Integrity. Innovation. Impact.


Rogelio Rebolledo

Rogelio Rebolledo

Tippie MBA Opens a 'New World'

Degree

MBA 1971


Mark Twain once said, "It is better to give than receive—especially advice.” For Rogelio Rebolledo, MBA71, taking his friends’ advice to pursue an MBA at Iowa helped propel him to a long and successful international career with PepsiCo.

“My friends were mostly enrolled in the College of Engineering, but they had taken some courses in the College of Business and had been impressed by the quality of the professors and instructors,” Rebolledo says. “They encouraged me to enroll.”

In 1968, with a Bachelor of Science in chemical engineering from the National University of Mexico in hand, Rebolledo was working for DuPont, the leading chemical products corporation in the world. Part of his experience there included exposure to the commercial side of business, which, he says, “triggered in me the desire to pursue an MBA rather than a master’s degree in industrial engineering.”

After doing some research on his own, he learned he could combine his interest in quantitative course work and marketing under the Iowa MBA program.

“For a foreign student who was anxiously looking for an opportunity to study in a good American university, admission to Iowa’s MBA program was the best thing that could have ever happened,” he says.

Rebolledo combined course work in management sciences and industrial engineering with cost accounting, business policy, business economics, and corporate strategy. There was “an avalanche of concepts that I took from Iowa that proved to be extremely useful during my career,” says Rebolledo, former president and CEO of the Frito Lay International Division, who retired from PepsiCo in 2003 after a 28-year career.

One of the more powerful concepts, he says, was the idea that for a product to succeed, consumer needs had to be thoroughly researched and understood.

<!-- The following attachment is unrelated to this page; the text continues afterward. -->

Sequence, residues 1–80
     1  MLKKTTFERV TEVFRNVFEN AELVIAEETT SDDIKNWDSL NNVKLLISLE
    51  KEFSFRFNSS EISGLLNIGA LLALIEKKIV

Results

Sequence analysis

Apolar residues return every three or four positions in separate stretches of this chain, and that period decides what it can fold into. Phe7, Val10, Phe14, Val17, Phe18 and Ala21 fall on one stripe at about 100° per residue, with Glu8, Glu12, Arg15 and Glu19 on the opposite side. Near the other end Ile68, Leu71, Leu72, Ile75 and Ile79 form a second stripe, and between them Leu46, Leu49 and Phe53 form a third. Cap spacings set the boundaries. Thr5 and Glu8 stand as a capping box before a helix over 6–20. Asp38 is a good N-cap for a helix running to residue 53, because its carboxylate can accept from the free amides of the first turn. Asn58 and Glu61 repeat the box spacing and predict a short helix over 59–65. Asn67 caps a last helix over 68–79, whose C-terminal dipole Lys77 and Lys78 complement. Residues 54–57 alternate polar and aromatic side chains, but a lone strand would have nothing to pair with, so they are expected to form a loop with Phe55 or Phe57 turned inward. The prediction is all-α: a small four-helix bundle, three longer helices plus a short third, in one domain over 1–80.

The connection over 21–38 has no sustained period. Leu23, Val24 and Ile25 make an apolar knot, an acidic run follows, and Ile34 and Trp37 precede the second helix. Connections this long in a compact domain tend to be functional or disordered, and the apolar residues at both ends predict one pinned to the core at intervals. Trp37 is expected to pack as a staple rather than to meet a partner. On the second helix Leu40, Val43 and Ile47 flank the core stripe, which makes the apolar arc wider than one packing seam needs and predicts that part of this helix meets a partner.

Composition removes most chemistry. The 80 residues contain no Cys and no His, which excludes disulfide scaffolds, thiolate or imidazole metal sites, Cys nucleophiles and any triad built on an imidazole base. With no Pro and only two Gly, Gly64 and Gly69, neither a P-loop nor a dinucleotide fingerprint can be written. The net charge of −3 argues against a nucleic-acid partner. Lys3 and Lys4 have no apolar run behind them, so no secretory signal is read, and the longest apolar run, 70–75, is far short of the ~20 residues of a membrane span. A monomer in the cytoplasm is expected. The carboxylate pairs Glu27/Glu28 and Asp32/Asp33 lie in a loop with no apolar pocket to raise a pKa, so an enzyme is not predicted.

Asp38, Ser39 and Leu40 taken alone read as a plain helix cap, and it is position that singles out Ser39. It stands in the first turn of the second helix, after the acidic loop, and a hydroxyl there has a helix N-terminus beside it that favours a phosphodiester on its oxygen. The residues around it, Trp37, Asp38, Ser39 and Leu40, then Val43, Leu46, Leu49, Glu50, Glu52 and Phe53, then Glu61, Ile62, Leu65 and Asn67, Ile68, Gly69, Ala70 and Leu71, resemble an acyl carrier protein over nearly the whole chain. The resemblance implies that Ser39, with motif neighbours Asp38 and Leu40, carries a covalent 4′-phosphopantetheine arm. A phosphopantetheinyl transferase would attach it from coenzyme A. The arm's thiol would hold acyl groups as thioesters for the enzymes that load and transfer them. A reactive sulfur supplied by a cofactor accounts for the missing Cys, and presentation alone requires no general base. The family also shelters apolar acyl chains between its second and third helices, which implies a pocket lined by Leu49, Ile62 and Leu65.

“It was at Iowa that I first learned the importance of consumer segmentation,” he says. “I learned that a good marketing plan had to address the needs of specific consumer segments and do so on a continuous basis because needs and expectations change over time.”

“When I left Iowa, I understood that in real-life business situations, one should develop several solutions to address one problem or opportunity. If one didn’t work, we had better have other options ready for implementation,” he says.

And he did. From 1976 to 1992, during his years with Sabritas, PepsiCo’s salty snack company in Mexico, Rebolledo was instrumental in growing sales (from $48 million to $875 million) and profits (from $2 million to more than $150 million).

In 1993, he led the expansion of Frito Lay into Latin America beyond Brazil, Puerto Rico, and Mexico, and by 2000 had leading market share in 17 countries. His responsibilities were again expanded in 1996 to include PepsiCo’s Sabritas’ salty snack businesses in Australia and Asia, with operations in China, Korea, India, Indonesia, and Thailand.

Throughout his career, Rebolledo has shared the results of his experience as an international business builder with students around the world. Mark Twain would be proud.

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